Washington Capitals goaltender Braden Holtby was surrounded by reporters Saturday afternoon discussing his first career playoff shutout when he summed things up by saying that he really did not have to work all that hard to earn it because the Rangers did not provide that much offensive pressure on him.
And following Rangers practice on Sunday, defenseman Ryan McDonagh did not disagree with the Caps goalie, who has allowed only one goal on 60 shots over 128 minutes in this series, so far--including his 1-0, 24-save overtime shutout on Saturday.
"Yeah, absolutely, we have to better at going to the dirty areas, make it so that (Holtby) can not get out of his crease," explained McDonagh---who has put his Hame Two overtime penalty quickly behind him and is focused squarely on Monday's Game Three at The Garden. "That's really one area we can focus on that might help us. You can see in this series it's tough for both teams to score goals, so maybe we just need to put more bodies around their net."
Brian Boyle did not disagree with McDonagh, but he offered on Sunday that the Rangers need to do a lot more in all areas of their offensive game in order to get back into this best-of-seven Eastern Conference Quarterfinal series which they trail two games to none.
"I wouldn't say it's the only way (to beat Holtby), but it's a good way to start, trying to get traffic in front and getting momentum with shots while crowding the net," said Boyle, who played nearly 12 minutes on Saturday after missing the previous seven games with an undisclosed injury. "I think that's an important way to play, especially in the playoffs. But we want some (more) zone time because you can get a heckuva' lot more offensive chances by playing in their end. I just think we have to challenge Holtby more, make life more difficult for him."
Though he earned a shutout in Game Two, Holtby was forced into making more difficult saves in Washington's Game One 3-1 victory on Thursday, in particular ones on prime chances by Ryan Callahan, Carl Hagelin, and John Moore. In Game Two the Rangers two best chances---one by Anton Stralman early in the first period and one by Rick Nash late in the third---caught iron behind Holtby, proving that the puck luck so far has been on the side of Washington.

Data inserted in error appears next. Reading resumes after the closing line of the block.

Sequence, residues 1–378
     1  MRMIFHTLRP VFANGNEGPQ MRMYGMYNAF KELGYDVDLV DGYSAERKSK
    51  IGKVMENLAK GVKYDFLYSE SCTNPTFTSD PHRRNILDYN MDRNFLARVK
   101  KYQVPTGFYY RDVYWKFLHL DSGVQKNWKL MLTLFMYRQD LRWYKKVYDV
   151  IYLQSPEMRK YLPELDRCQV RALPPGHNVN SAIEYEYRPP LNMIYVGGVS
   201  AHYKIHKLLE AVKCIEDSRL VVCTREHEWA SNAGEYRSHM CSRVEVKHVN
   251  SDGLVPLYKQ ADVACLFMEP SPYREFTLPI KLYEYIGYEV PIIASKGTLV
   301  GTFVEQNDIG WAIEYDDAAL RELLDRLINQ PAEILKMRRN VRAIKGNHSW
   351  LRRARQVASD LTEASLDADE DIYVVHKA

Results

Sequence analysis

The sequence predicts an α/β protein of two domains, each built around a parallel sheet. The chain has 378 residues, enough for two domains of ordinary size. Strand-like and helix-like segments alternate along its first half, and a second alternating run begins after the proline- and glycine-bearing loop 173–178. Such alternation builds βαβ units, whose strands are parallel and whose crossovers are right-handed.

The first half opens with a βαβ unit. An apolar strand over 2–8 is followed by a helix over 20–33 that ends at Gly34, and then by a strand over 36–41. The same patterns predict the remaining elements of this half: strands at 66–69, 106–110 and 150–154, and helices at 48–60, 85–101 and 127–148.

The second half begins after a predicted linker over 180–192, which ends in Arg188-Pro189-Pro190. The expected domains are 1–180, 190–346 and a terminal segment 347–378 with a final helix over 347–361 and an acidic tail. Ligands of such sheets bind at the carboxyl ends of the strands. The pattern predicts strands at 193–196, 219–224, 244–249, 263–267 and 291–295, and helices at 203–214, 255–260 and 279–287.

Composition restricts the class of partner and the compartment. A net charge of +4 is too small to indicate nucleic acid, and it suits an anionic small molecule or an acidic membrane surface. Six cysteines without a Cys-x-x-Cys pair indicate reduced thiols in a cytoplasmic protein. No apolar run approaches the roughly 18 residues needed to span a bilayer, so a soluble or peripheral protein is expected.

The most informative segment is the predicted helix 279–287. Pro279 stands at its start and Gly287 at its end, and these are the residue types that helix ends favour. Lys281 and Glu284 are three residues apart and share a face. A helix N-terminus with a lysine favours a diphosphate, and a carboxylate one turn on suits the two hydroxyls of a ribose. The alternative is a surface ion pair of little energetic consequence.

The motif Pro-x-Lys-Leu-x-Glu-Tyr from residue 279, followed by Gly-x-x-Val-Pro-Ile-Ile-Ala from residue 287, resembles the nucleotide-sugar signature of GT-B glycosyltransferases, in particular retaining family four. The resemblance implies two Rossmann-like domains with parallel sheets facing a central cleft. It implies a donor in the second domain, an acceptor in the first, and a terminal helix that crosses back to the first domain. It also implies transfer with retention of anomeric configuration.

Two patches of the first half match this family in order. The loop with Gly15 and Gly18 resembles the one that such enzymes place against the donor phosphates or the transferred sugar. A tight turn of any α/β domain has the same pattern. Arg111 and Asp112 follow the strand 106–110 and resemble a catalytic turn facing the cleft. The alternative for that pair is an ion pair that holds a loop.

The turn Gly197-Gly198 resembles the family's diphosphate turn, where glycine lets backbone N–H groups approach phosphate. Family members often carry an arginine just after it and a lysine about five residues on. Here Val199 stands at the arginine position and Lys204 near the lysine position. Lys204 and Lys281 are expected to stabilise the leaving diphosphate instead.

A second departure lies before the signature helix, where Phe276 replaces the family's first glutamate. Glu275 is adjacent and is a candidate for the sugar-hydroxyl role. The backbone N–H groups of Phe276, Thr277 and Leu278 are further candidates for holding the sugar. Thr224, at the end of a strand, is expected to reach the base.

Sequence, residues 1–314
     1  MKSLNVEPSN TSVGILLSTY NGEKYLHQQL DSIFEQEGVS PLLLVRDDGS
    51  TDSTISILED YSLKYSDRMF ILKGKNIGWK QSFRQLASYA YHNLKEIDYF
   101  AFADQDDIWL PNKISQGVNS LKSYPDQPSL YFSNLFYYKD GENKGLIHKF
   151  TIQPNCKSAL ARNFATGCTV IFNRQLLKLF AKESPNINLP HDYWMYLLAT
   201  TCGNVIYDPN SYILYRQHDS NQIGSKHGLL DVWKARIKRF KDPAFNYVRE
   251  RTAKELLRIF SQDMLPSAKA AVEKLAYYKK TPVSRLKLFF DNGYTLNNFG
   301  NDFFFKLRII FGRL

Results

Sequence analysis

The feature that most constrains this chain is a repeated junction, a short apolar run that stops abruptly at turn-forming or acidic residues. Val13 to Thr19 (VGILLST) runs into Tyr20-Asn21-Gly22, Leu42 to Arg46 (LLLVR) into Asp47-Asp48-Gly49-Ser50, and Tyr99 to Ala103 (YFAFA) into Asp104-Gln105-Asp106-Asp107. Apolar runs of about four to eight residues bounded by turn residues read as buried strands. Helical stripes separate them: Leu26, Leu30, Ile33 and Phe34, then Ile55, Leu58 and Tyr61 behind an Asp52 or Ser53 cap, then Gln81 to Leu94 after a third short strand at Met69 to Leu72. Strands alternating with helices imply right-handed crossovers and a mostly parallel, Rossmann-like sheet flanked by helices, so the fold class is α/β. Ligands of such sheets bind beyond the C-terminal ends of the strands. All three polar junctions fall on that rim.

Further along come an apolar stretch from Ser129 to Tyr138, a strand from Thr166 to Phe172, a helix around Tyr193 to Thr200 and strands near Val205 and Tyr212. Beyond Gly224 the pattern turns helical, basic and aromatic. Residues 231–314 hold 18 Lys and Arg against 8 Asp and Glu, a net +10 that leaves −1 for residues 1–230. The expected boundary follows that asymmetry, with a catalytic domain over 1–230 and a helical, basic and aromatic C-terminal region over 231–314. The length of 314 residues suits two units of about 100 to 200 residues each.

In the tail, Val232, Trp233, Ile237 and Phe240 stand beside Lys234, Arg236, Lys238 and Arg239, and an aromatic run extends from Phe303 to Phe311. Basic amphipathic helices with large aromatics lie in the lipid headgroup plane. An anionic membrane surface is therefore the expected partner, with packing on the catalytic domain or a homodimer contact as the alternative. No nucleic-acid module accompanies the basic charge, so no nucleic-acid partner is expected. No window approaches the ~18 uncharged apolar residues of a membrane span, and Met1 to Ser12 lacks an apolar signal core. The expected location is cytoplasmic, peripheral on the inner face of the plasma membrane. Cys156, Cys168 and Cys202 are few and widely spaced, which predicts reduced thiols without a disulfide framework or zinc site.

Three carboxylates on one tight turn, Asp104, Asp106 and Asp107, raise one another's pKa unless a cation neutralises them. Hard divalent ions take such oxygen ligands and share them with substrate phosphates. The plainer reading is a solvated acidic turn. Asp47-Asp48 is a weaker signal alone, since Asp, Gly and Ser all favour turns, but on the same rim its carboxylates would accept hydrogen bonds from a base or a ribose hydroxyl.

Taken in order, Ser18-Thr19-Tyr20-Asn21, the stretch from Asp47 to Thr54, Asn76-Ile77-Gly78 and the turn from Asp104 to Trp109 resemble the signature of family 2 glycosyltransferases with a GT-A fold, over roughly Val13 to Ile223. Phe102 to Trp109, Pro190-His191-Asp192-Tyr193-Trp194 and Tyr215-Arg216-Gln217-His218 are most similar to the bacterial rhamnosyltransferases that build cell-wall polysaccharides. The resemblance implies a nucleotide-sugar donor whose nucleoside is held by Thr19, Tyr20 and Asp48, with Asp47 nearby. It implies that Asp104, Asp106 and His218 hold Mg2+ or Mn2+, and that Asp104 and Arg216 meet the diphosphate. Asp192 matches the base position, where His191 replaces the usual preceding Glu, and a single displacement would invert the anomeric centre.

Nash had eight shots on goal in the opener, but only three on Saturday. Callahan has been shut out on seven shots through two games, while Derek Stepan has managed just four shots, Brad Richards five, and Mats Zuccarello only two. hagelin, the Rangers best player in the first game, managed only one shot on Saturday after scoring the Rangers only goal of the series so far in the first period of Game One.
Of course it is not only the amount of shots on goal, it is the quality and difficulty for the goaltender on those shots which count even more, as Holtby pointed out following Saturday's contest.
"We've got to get more chances, there's no question there," stated Callahan. "We have to get more time in their zone and create more opportunities off of that. Our special teams — we have to score some goals on the power play. That was the big thing last game: we lost the special teams battle and we end up losing the battle."
The Rangers power play, inconsistent all season, has struggled mightily in this series, so far. After creating little in four failed opportunities on Thursday, the Rangers were 0-for-3 on Saturday, including failed power play late in regulation and early in overtime in which they did not register a shot on goal either time.
"We get a bounce on the power play and it goes in, it could be a different game," Callahan said after practice Sunday. "We definitely need to get more shots on our power play, get some traffic in front of him, and if we do that, I think we'll be fine."
After scoring 28 goals in their final six games of the regular season, the Rangers are confident in their ability put the puck in the net. Now they just need to do it against a Capitals team growing in confidence by the day, and playing at the top of their collective game, having gone 17-2-2 in their last 21 games.
"At times I think we've had chances, but we just haven't capitalized," explained head coach John Tortorella. "We still have to develop more."